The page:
A while back I wrote an article telling that I was Back in the Saddle, back to studying language again. I had taken a short break of two months from my classes, and I was happy to get back to learning more of the local language. In that article, I promised that I would be coming out with an article regarding the age old common knowledge that everybody sites… if you are a bit older, it is very hard to learn a new language.
You see, I am an advocate that if you are going to live in a foreign country, it is important that you make an effort to learn how to speak the language that is spoken in that country. You don’t necessarily need to become fluent in the language, but at least learn some of the commonly used words, a bit of grammar and be able to say basic things to people in their language. I say this because if you do so, you will be more accepted into society, and your life will be a lot more enjoyable.
When I say this, the most common negative comment that I hear is:
I am already in my 40’s (or 50’s or 60’s, etc.), and it’s very hard for a person my age to learn a new language.
There may or may not be scientific evidence that a person of an older age has a more difficult time learning a new language, I can’t be sure. I have tried to research into this and can’t find a cut and dried answer to the question. However, I have some anecdotal thoughts that my disprove, or at least make you think twice if this is your thinking.
When I was in Junior High School and High School, I lived in Southern California. In school, I studied Spanish for 3 years. I learned a fair number of words and phrases, but I would not say that I became fluent or even very conversant in Spanish. When I was 45 years old, just 2 1/2 years ago, I decided to study Cebuano, the most commonly spoken language in the area where I am living. So, I have studied Cebuano (Bisaya) for a shorter time than I studied Spanish, and I was much younger when I studied Spanish. However, I have a much better knowledge of Cebuano than I ever did Spanish. How can it be? I am older, and have studied less… hmmm… let’s see how it could be.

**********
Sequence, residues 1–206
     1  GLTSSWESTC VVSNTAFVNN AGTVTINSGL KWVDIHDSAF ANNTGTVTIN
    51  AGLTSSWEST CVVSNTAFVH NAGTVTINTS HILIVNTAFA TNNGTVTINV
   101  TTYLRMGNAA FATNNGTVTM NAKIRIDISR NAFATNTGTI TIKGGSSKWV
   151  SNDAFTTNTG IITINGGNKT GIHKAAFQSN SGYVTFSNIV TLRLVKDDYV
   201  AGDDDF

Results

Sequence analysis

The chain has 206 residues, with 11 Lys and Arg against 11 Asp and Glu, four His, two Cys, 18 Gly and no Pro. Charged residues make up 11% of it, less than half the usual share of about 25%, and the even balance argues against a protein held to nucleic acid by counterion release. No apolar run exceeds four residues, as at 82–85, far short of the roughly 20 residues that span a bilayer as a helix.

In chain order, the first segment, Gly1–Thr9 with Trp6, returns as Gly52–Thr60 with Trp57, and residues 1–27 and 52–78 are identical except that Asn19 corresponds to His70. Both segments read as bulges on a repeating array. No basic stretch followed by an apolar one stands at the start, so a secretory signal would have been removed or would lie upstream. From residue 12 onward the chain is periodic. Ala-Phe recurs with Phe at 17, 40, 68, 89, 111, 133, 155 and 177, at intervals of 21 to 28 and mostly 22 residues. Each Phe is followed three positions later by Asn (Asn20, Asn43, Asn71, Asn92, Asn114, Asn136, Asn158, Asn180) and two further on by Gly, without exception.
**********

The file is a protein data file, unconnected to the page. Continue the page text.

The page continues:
When I was studying Spanish, it was a school course. I didn’t have a burning desire or even a big need to learn how to speak Spanish. I needed to learn enough of it so that I could pass my class and move on to something else. Yeah, I picked up enough that I could talk to somebody in a very simple manner, and probably make myself understood in Spanish in an emergency, but I could not sit down and really talk with somebody in Spanish in a pleasurable way.
Move forward some 35 years or so and look at my study of Cebuano. When I started studying it, I was living in a society that spoke Cebuano. I was surrounded by the language, it was what I heard if I went out into the streets of the place where I lived. When I heard people talk, sometimes I thought they were talking about me, and I wanted to know what they were saying. Sometimes I needed to tell somebody something, and wanted to be able to tell them in their language. Many of the people on the street could indeed speak and understand English, but they did not speak English unless spoken to in English, and often their English skills were rather limited. That’s not their fault, after all, they did not go to live in a society that used English, I am the one who came to reside in their society, so it was kind of up to me to learn how to communicate here.